Monday, 16 November 2015

On Refugees and Security

     So, I'm hearing from people who are concerned about our new federal government's plan to bring in 25,000 Syrian refugees. They say they want to help, of course, but they're worried that maybe some terrorists might sneak in disguised as refugees, so they want there to be very careful, very thorough screening.
     This sounds very reasonable, and it is so long as the screening is cost-effective. But how much screening is cost-effective? I'm going to suggest, with the following analogy, that the answer is not very much.

      Imagine you are relaxing in a hot tub, and a child proposes to drop a piece of ice in there with you to watch it melt. Sure, that'll cool down the water a bit, and you might prefer to keep it hotter, but you're willing to endure the modest temperature change which you probably won't even notice, since it'll make the child happy and you want to encourage her to do harmless little experiments like this anyway.
     But wait. Where did she get this block of ice, you ask? And she explains that she broke it from the frozen surface of a puddle in the front yard.
     Eewwww! That puddle in the front yard? It's all muddy and gross, and almost certainly full of germs and bacteria and pesticides and everything else! You don't want that in the hot tub with you!

     Now stop and think for a moment. What kind of germs and bacteria and unwanted chemicals are already in the hot tub with you? If you're at all realistic, you'll know that water you're soaking in is far from sterile. It's teeming with nastiness, kept in check of course by the high temperature and whatever chemicals you might use in your hot tub to keep microbe populations down. And while there might well be dog poop and other residues in the little piece of ice, it's certainly not worse than what's already in the tub, and your filter and chemicals can handle it in any event. Moreover, since the skin of ice came from the top of the puddle, it probably doesn't have any of the nasty sediments at the bottom of the puddle; odds are, it's actually purer water than what you're already sitting in.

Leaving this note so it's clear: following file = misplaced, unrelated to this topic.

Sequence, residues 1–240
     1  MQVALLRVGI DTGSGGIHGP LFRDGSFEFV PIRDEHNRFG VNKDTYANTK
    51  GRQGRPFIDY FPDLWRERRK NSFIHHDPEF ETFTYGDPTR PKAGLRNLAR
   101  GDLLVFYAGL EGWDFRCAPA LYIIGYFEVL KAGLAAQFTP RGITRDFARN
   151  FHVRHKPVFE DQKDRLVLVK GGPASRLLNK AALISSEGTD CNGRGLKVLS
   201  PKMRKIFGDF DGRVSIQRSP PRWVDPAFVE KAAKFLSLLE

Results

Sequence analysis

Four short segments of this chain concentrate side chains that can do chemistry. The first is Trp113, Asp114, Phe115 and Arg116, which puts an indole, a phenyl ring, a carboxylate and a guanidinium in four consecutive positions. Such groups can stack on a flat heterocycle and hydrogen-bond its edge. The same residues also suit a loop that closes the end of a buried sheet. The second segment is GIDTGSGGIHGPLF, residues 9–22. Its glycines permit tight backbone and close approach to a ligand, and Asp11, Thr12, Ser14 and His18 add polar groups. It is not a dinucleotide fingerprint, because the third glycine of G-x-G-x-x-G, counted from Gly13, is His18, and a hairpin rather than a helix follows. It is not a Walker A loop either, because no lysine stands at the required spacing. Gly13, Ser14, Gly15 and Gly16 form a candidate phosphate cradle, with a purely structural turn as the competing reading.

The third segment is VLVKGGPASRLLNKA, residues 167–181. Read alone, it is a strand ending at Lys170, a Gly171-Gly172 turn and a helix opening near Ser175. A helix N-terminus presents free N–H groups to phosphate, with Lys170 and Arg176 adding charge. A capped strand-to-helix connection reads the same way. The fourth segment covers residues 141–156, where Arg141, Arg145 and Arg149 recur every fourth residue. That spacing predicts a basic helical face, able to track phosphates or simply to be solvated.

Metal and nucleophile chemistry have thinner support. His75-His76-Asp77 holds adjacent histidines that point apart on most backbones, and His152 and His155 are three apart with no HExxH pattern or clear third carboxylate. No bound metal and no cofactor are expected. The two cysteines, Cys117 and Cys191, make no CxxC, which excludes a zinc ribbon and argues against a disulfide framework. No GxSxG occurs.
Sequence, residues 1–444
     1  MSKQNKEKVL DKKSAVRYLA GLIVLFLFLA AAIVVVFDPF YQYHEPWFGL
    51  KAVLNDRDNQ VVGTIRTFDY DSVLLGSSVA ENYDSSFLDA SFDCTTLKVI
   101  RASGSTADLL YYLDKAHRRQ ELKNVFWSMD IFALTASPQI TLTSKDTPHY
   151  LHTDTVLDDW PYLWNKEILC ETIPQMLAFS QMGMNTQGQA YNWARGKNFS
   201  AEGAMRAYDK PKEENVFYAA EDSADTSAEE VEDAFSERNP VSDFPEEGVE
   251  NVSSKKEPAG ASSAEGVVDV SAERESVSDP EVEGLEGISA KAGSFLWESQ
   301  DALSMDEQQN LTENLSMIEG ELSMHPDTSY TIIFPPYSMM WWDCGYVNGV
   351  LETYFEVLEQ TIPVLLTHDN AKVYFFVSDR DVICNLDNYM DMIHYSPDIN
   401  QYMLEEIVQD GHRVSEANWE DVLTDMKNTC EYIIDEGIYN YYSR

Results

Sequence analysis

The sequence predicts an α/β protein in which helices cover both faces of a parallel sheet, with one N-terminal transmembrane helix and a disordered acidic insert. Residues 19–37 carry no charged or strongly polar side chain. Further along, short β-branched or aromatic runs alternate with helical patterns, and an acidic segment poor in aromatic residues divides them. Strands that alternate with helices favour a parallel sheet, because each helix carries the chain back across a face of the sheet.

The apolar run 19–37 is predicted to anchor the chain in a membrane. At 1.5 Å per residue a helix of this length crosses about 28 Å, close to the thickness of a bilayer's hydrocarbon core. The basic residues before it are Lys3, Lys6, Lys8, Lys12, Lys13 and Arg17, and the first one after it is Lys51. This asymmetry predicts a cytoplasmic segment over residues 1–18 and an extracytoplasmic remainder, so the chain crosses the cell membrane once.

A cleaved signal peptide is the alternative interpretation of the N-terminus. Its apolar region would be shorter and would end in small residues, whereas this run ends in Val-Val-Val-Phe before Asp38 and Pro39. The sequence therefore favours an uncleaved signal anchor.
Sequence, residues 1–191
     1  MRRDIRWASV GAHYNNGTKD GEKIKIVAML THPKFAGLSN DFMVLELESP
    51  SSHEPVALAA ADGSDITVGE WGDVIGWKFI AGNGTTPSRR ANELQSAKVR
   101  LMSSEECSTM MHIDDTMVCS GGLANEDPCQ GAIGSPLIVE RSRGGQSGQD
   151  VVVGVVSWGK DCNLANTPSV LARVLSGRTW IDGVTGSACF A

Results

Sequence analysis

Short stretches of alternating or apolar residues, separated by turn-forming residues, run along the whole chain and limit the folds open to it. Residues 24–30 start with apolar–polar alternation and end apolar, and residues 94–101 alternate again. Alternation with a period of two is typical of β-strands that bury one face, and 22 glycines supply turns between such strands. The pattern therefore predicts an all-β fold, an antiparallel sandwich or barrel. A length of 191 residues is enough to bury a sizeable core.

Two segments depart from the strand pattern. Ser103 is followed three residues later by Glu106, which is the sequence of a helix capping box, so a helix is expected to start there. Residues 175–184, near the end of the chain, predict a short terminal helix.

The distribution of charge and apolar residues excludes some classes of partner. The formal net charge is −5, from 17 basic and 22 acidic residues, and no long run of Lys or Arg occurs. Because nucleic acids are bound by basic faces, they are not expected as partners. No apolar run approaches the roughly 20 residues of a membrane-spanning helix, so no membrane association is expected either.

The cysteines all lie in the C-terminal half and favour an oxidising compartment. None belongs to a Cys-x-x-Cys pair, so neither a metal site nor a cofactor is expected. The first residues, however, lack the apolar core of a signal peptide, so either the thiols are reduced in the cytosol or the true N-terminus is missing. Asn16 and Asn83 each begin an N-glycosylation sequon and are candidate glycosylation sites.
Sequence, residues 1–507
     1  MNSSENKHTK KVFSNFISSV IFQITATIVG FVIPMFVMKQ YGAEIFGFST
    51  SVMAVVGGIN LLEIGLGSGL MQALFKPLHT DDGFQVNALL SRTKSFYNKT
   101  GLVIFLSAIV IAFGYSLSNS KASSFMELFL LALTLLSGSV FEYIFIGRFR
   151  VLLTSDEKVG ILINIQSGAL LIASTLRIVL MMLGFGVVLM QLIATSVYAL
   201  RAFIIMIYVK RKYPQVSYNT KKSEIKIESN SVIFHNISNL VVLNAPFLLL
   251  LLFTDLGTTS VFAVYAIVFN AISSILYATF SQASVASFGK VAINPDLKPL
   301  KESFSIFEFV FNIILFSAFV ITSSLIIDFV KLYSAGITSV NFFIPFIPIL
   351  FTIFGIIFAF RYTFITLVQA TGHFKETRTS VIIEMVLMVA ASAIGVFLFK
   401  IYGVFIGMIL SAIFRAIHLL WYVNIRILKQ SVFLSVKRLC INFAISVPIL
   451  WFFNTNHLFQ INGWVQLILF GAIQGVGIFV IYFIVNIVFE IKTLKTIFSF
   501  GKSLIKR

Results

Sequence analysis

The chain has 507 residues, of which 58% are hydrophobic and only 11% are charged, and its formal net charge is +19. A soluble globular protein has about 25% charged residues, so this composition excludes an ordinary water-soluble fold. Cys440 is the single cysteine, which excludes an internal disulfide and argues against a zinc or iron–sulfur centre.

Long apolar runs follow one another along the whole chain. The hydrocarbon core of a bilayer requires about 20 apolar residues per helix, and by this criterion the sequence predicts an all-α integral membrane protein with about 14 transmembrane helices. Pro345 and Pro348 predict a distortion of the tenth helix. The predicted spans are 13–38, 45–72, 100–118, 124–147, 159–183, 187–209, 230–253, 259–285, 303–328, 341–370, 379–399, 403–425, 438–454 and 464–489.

So this is analogous to the situation with Syrian refugees. We warm-hearted Canadians might be willing to sacrifice a little short-term comfort to help the needy, just as we'd be willing to let the water in the hot tub get just a little cooler as the ice melts. But we seem to be irrationally terrified that there might be dangerous people who want to hurt us among those we let in.
    Of course there's a possibility that some terrorists might sneak in along with refugees. But we need to consider whether that actually has any real impact on our safety, and I want to argue that it doesn't really. See, Canada is a nation of some 36 million people, and we have our share of dangerous people right here. We have serial killers and criminal gangs and angry young men with guns, and even a few would-be jihadists, just like any other country. Just like your hot tub is already full of pathogens and other icky stuff. And just like your hot tub has a system of filters and chemicals in place to deal with a certain amount of infectious goo, so too does our country have a robust system of law enforcement and security, to deal with the dangerous people who already live here.
     Moreover, just like the ice from the puddle is already quite a bit purer than the rest of the puddle, refugees are generally people who are fleeing the fighting; most of those DAESh thugs are too busy fighting to hang onto the territory they seized to be able to spare a lot of people to carry out terrorist operations elsewhere. They might send a few, but almost certainly not enough to make the 25,000 refugees statistically more dangerous to Canada than any other random bunch of 25,000 Canadians.